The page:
These dormant applications can be applied to both sulfur tolerant and intolerant grape varieties prior to bud break

Note: Liquid lime sulfur is very corrosive. Suggest spraying the sprayer vehicle with a light coating of PAM, diesel fuel, kerosene or mineral oil to protect the paint and metal surfaces.

“I don’t want to apply Liquid Lime Sulfur, what else can I do?” This is a common question. Many do not like to spray a messy and corrosive sulfur mixture. I understand. My second suggestion would be to use a preventative fungicide or fungicide mix that is effective on anthracnose as soon as the shoots begin to emerge. Manzate / Penncozeb would come to my mind first due to their low cost and additional effectiveness on Black Rot and Phomopsis. Other fungicides that are also listed as highly effective on Anthracnose can be found on pages 95 & 96 of the 2017 Midwest Fruit Pest Management Guide.

Experience has shown that cordon pruned vines tend to have a higher amount of Anthracnose and Phomopsis disease pressure than cane pruned vines.
Cane pruned vines have much less old wood that can harbor these early season diseases.
 

Sage

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Sprayed last week with sulphur lime mix. I will spray again when buds swell and look about ready to pop.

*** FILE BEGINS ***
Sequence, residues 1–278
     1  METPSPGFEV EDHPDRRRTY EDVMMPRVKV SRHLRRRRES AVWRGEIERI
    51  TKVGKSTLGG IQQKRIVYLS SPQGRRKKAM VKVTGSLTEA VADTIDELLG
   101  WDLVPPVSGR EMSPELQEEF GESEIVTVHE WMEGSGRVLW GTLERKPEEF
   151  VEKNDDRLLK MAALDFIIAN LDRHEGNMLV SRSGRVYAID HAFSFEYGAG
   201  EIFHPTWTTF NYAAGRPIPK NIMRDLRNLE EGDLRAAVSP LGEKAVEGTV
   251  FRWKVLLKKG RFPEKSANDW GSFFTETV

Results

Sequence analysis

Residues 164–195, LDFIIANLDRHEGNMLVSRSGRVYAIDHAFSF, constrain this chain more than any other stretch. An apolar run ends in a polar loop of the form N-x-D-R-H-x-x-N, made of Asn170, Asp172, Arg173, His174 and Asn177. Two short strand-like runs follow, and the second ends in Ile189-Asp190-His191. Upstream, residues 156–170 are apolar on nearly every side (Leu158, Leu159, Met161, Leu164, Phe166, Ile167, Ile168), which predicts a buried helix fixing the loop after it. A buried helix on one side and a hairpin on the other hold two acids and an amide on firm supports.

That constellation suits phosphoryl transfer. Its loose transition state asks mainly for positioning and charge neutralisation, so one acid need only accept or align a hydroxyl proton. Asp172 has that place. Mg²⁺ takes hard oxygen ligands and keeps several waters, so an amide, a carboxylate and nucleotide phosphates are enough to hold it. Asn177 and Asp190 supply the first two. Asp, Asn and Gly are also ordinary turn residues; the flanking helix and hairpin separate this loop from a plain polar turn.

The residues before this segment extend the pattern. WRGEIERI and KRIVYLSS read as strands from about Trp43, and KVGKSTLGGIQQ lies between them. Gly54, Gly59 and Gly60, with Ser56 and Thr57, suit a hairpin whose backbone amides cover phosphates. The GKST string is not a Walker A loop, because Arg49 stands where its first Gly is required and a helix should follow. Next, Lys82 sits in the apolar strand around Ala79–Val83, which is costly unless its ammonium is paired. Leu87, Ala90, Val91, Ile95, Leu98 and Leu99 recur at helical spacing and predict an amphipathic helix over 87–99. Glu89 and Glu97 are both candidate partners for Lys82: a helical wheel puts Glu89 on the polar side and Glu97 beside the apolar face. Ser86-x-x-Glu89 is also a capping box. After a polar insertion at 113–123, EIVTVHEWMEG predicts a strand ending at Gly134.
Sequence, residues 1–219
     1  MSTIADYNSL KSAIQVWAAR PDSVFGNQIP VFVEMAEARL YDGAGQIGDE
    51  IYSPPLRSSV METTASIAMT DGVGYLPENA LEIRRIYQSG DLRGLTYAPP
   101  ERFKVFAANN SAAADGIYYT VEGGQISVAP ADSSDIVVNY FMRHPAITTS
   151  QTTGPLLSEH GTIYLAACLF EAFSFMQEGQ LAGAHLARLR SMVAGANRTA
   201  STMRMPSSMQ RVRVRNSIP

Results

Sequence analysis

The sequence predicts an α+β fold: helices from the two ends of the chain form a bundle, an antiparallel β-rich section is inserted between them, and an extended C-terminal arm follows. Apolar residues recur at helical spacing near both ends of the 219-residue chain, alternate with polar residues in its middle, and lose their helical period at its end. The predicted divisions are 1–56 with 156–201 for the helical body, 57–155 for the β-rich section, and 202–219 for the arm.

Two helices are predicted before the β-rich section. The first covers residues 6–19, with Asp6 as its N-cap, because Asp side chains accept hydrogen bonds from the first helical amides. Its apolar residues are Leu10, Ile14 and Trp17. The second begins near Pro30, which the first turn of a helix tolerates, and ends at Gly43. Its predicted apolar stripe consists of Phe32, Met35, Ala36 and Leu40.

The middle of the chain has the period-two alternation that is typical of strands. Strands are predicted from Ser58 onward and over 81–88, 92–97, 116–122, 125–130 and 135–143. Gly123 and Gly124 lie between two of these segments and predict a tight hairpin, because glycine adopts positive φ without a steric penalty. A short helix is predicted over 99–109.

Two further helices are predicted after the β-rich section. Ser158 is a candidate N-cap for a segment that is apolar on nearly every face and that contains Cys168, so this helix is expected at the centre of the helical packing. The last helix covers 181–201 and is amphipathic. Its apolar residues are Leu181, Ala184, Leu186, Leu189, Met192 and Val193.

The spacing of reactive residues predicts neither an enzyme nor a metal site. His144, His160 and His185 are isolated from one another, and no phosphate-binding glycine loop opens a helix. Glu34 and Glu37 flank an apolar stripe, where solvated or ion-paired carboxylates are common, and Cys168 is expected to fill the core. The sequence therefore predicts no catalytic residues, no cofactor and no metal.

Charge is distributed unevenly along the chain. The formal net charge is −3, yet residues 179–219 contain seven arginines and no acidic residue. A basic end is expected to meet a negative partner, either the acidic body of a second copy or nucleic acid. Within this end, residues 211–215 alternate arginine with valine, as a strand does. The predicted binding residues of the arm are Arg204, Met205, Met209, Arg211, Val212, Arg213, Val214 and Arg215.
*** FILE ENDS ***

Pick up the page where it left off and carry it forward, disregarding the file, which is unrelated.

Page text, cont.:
I put on a very thorough spray, soaking vines and loose bark as much as possible.

Still considering spraying the ground in the immediate areas around the vineyard. Insects must also be carriers.
 

Neb Farmer

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I spray wettable sulphur ( Microthiol Disperss Fungicide , organic ) right before bud break in the Spring , and then every two weeks after that . When the grapes are getting ready to flower I will stop for a week or so , and then when the grapes are done flowering and are forming small berries/fruit I will start my 'every two weeks ' spraying again, but will delay spraying if the temperatures get too high ( 85 F or higher ) I stop spraying sulphur when I am about 5 weeks to harvest time. After harvest I will usually spray one more time before winter arrives.

I have adopted this spray practice for several years. I have a small Gentleman's Vineyard comprised of Riesling , Sangiovese , and Nebbiolo.

If I do not spray sulphur like this , then I will have powdery mildew ( Pacific Northwest is damp ) . Powdery mildew will not only mess with the foilage, it will also retard the development of the grape berries and stop them from becoming nice,juicy grapes. It WILL ruin your crop.

As much as I did not want to have to put spray on my grapes , I found out the hard way that if I didn't , I would lose most of my crop to powdery mildew. Amazingly enough , the powdery mildew is not an issue for some food-type grapes growing right next to the vinifera!
 

Sage

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I am in the north west also and yes, spray or loose it. I might alternate another spray but I think it's going to be mostly sulfur.
 

wxtrendsguy

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I'd recommend Quintec around flowering...its very effective and fairly cheap as well. Only use once a year.